Faith and Reason: A common duty to cultivate rivalry in good works: The fourth in our series on reconciling warring faiths is by a Muslim, Dr Shabbir Akhtar. He argues for the application of single standards of international justice.

WE MIGHT say of religious beliefs what we often say of members of the opposite sex: you can't live without them and you can't live with them. Without faith, we die in the purposeless life; with faith, we kill each other. To locate, and alleviate, this dilemma within the extensive pride and empowered malice of this world is a task that may begin in private depression. But it must end in the public realm of communal responsibility.

Authentic religion - and the adjective is necessary - needs resources of intelligent tolerance because religious men often show a culpable indifference and hostility to the beliefs and consciences of outsiders. And this despite the fact that the frontiers of faith could never seal so tightly that we fractured into many 'humanities'. There is only one race - the human race.

Where there is no agreement, passionate disagreement cannot build its nest. A partial unity of religious conviction is a necessary condition of religious conflict. But that which is in common need not unite. It usually prolongs and embitters the affair much as, in our personal lives, our most intense quarrels are with those with whom we proudly claim unity of purpose and familiarity of emotion.

Religious people are all in the same business; affinity breeds contempt. And much worse: Beirut, Sarajevo, Jerusalem, and Ayodhya are blood-stained landscapes.

How, then, do we introduce optimism here? It cheers us up to note that our capacity to be privately shocked by evil has not been drastically reduced by the decline of transcendent religion and the triumph of science. It is not true that ours is an age of widespread scepticism and incurable cynicism. It is true, however, that the capacity to be actively and publicly disturbed by injustice has declined in the face of secular comfort.

Our modern respect for agnosticism, rooted in the eclipse of exclusivist religious pride, is another ground for hope. Enlightened opinion among theists rejects the view that every theological controversy is due simply to someone's - usually someone else's - ignorance. Given the apparent silence of God, the deadlocks between faiths seem intractable.

Certainly, there may be a process transpiring beyond death in which the ambiguities and doctrinal stalemates of this life are resolved and broken just as the moral imbalance of our world will, according to ethical theism, be satisfactorily rectified in a future existence. But if death is the conclusive contention, that leaves problems for the living. Why does God allow large parts of mankind to remain in doubt, hesitation, or even error concerning matters of moment? It is theologically puzzling; we can sympathise with the agnostics.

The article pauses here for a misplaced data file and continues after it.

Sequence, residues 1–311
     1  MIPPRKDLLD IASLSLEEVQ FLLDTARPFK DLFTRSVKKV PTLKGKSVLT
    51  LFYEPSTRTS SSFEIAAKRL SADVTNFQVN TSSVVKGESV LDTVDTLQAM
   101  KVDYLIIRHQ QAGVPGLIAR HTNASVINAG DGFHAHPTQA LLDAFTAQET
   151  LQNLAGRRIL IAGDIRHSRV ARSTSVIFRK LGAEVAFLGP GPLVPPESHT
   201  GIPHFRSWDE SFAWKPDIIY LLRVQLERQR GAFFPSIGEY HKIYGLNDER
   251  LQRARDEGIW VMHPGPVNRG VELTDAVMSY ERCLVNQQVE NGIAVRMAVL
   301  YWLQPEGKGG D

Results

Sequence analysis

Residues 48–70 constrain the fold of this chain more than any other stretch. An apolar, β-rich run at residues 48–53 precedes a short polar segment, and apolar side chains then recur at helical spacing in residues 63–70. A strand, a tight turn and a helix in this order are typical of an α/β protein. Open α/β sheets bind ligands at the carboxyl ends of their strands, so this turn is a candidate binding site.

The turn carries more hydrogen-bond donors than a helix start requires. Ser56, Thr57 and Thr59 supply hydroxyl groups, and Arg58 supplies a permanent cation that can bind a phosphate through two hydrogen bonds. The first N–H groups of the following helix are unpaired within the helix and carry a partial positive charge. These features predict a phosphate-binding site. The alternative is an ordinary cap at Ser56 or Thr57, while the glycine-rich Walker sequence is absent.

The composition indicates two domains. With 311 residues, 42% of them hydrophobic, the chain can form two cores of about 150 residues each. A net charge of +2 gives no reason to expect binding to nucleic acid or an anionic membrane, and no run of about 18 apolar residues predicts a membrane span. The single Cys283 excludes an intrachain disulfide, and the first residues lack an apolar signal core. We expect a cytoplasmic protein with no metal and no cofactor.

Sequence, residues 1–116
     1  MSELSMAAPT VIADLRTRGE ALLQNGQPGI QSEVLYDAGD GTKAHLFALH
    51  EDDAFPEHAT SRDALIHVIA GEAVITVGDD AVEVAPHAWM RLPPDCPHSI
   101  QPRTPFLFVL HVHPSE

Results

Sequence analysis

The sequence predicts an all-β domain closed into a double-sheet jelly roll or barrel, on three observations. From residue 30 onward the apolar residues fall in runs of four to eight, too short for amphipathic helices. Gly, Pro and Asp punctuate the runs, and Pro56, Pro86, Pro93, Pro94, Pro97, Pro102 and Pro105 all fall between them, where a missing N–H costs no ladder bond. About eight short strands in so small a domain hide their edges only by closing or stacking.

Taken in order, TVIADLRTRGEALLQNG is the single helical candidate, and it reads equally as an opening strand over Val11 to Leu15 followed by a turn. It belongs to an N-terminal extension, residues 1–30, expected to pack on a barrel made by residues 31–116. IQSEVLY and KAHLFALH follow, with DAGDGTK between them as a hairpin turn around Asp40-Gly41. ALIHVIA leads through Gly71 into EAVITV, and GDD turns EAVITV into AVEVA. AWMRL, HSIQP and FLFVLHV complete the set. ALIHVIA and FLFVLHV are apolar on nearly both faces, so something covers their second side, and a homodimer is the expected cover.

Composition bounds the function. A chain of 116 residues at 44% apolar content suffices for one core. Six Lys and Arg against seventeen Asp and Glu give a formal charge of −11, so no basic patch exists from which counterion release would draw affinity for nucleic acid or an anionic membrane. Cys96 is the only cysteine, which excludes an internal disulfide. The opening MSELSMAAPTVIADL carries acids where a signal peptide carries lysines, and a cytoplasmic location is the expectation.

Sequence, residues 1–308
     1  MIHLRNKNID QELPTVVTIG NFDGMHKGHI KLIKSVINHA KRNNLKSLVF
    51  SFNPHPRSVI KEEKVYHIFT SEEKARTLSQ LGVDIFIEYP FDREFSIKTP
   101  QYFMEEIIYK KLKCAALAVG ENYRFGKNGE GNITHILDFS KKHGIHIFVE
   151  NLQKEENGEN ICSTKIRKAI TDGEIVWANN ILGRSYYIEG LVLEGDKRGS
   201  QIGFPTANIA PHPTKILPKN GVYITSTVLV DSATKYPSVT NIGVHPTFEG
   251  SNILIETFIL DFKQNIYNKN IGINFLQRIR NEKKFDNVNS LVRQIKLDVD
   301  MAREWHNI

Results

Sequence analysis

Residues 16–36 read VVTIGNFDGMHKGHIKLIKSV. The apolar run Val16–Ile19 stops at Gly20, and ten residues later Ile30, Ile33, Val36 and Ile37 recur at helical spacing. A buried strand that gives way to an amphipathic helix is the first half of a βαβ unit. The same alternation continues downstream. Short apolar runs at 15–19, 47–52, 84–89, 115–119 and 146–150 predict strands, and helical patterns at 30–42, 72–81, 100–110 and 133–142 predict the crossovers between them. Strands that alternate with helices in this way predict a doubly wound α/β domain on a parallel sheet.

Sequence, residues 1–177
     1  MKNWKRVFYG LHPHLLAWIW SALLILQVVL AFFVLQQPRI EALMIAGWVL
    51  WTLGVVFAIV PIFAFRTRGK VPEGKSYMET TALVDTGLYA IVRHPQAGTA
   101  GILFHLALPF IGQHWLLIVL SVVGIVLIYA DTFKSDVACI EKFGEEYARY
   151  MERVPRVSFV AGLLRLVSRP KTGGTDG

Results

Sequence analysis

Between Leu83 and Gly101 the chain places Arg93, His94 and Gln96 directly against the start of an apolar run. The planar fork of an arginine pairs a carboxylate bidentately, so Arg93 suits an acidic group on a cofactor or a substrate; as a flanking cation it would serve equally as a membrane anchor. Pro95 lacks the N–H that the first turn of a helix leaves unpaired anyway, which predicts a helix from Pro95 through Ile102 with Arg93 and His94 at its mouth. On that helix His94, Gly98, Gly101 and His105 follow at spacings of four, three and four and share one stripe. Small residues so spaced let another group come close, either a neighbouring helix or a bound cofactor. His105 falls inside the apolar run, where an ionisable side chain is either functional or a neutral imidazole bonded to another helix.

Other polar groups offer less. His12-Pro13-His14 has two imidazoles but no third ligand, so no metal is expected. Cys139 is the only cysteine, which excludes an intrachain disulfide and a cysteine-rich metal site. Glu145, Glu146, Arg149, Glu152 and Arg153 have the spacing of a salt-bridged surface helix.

We cannot, however, sympathise with wrong-doers, whatever their religious creed. As a Muslim, I have a scriptural warrant for engaging in dialogue with Jews and Christians. The Koran portrays them as scriptured societies of errant monotheists. But most modern Jews and Christians are unfaithful to their own dogmatic traditions. Many are secularised humane capitalists who accommodate rather than confront unjust secular and pseudo- religious powers and principalities. No authentic Muslim can believe that religion should be a form of private spiritual hygiene.

It is this disagreement that makes it difficult for a Muslim to engage in inter-faith dialogue, or trialogue. Much of this encounter consists of a handful of expensively educated, often maverick, figures out of touch with their community. Their polite conversation might lead one to mistake the proceedings for a tea-party. A few of the participants are sincere but misguided; most are insincere and misguided. Inter-faith dialogue, like modern optimism, often relies on unclear generalities.

As a Muslim, I wish to encourage my community to develop cordial relations with Jews, Christians, Hindus, Sikhs, and secular humanists. But Muslims would insist on the application of single standards of international justice. All of us should be under the same moral microscope.

Christians should not allow their faith to become just a reactionary defence against secular science or merely a religious legitimation of Western racial pride. If they prefer piety to patriotism, then let them condemn the unjust behaviour of white settler minorities. And if Serbian aggression be treasonable to the cause of Jesus of Nazareth, why does it take a Muslim to say it?

Again, Judaism the revealed faith is now polluted by the secular heresy of Zionism. Palestine was the first territory, beyond the Arabian Peninsula, to be taken by the Muslims in 638. Here was no crude colonialism. The Muslim rulers scrupulously guarded the sacred sites of all three Abrahamic faiths for over 1,200 years - the longest single political order in the history of Palestine.

In Israeli custody, no such courtesy has been shown to Muslim sanctities. Wherever the Zionist fantasy clashes with the facts of Arab demography, there is only forced exile, dispersion, dispossession, massacre, and brutality.